Locke Cites Lack of Water-Law Reform as Legislative Setback
"One of the biggest disappointments would have to be water," Locke said during a telephone interview summing up the 2004 Legislature, which was his last.
Locke, who has been governor since 1997, is not running for re-election.
"We've got to get away from the use-it-or-lose-it mentality and at the same time encourage in-stream flows. In the end, people were more interested in the status quo."
The use-it-or-lose-it doctrine, more formally known as relinquishment, requires water-rights holders to give up their water to the state if they haven't used it for five successive years.
The principal behind the doctrine is common in Western water law, which has evolved to manage heavy demands on water resources.
But agricultural irrigators and water experts say the doctrine actually encourages farmers to waste water so they won't lose their rights.
Environmentalists disagree, and say relinquishment helps return water to streams to protect fish and wildlife habitats.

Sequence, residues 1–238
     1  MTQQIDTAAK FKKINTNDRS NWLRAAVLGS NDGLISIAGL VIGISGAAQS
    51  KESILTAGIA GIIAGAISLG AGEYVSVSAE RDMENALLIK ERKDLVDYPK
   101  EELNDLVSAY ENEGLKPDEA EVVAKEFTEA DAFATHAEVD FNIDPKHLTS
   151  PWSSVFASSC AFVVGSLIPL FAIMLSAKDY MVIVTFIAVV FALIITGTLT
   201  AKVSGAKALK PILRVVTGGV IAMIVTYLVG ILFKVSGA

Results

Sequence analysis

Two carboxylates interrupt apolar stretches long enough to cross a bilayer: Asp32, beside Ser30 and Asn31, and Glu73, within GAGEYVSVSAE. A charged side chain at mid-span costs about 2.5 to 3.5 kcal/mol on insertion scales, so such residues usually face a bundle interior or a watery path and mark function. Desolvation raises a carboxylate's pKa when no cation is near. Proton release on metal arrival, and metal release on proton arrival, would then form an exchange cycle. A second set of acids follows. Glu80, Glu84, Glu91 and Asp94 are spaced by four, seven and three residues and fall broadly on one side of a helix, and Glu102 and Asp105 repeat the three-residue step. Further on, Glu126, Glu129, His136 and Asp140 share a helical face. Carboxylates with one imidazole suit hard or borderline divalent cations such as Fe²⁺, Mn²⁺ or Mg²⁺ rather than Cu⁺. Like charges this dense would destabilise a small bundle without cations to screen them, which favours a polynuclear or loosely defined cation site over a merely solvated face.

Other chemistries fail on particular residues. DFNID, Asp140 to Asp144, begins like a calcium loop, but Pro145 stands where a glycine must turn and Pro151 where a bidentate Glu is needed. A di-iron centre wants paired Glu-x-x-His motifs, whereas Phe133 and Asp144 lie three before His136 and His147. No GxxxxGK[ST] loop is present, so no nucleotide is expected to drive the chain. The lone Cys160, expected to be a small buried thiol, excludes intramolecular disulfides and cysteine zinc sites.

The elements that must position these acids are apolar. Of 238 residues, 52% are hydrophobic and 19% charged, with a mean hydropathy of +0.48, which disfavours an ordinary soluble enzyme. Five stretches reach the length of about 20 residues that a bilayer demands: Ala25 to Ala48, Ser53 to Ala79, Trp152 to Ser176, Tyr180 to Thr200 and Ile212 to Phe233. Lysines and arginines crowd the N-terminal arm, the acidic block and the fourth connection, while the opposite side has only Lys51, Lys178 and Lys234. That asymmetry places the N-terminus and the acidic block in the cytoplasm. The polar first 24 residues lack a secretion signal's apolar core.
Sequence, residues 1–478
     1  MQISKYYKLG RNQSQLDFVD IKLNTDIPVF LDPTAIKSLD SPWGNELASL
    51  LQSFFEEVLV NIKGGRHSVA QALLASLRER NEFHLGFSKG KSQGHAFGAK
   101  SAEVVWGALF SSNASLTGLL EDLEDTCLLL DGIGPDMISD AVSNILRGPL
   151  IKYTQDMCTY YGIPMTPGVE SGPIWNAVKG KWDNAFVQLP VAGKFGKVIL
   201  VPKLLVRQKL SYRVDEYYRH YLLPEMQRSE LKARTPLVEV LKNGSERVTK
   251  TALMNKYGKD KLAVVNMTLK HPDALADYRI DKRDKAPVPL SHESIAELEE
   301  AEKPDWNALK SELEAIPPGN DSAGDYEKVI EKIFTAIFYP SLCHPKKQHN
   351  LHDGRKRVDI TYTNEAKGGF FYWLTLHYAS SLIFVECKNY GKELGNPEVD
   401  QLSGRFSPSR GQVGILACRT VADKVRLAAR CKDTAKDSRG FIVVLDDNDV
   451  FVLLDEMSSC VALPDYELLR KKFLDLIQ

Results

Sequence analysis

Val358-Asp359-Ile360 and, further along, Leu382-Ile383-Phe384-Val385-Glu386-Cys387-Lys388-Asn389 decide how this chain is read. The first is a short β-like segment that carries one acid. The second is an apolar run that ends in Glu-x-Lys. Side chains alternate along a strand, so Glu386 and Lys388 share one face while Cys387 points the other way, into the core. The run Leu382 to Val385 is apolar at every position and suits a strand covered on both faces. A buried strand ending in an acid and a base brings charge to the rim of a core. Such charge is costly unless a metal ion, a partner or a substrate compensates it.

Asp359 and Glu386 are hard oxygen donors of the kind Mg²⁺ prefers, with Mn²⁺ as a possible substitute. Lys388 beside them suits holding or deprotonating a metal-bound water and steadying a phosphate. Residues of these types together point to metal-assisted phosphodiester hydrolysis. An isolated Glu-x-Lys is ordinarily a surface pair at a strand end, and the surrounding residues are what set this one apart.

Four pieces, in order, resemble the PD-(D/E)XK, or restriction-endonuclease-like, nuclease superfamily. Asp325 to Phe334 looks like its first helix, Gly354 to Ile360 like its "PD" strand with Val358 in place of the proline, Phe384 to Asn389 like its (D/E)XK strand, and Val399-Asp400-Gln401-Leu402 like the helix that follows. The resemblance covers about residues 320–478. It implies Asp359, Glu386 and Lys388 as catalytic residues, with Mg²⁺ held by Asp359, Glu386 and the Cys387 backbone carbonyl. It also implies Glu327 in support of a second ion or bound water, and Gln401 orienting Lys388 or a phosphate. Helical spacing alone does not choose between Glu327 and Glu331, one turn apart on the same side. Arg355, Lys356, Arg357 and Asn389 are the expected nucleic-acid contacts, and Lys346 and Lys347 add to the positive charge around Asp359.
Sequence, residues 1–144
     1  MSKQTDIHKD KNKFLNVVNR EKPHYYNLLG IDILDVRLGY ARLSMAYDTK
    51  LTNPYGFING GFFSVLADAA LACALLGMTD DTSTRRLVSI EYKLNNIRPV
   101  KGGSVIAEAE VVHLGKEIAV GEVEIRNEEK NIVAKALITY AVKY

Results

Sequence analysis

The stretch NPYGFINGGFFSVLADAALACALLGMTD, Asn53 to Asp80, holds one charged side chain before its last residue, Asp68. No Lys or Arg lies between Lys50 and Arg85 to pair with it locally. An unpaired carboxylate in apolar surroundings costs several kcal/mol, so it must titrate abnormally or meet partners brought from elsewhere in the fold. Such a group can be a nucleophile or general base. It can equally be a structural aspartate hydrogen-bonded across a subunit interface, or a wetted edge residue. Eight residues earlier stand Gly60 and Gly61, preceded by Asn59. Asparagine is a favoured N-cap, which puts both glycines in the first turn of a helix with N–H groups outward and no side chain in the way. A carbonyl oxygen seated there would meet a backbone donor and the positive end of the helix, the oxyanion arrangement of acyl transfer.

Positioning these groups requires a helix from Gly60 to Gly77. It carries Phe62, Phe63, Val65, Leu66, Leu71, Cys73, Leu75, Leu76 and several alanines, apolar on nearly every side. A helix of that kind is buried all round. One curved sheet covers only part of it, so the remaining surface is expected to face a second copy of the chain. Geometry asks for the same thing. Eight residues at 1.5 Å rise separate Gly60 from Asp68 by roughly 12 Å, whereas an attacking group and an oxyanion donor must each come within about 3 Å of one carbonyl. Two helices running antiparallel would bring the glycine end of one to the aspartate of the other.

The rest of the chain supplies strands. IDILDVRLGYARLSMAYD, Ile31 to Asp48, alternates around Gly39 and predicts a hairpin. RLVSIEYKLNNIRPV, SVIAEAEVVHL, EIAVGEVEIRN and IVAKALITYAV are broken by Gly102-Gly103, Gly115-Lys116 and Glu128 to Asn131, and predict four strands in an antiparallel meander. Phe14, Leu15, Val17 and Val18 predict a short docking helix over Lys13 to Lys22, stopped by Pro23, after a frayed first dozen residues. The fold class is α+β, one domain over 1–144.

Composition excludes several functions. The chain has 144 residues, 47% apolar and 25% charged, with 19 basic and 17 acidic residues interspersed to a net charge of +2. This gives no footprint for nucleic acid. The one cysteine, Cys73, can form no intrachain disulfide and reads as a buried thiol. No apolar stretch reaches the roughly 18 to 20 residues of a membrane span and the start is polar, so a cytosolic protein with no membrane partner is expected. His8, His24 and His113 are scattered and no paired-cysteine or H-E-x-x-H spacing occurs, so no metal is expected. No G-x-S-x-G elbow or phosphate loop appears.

Early on in the session, hopes were high the two sides could reach an agreement.
Hertha Lund, lobbyist for the Farm Bureau, said she, too, was disappointed by the lack of legislation. She said environmentalists wanted to divert more water to streams from the small percentage that is now used by consumers of all types, from tribes to cities to farmers.
"We need to get away from the idea that it's a zero-sum game where water is concerned," Lund said.
The Washington Environmental Council, a Seattle-based group that works to preserve watersheds, could not be reached for comment.
Locke said his administration made significant gains in water reform in previous sessions.
"Mine was the first administration in 40 years to make any improvements in water," he said.
Locke's administration increased the flexibility of water-rights processing, secured $1.2 million in federal funding to lease or purchase water from farmers during the 2001 drought year, and provided money for watershed planning.
Locke also cited education and health care as legislative "successes." The Legislature funded about 3,000 new enrollments in the higher-education system and restored some safety-net provisions to health care for the poor.
Locke said he was also disappointed by the lack of compromise on medical malpractice reform.
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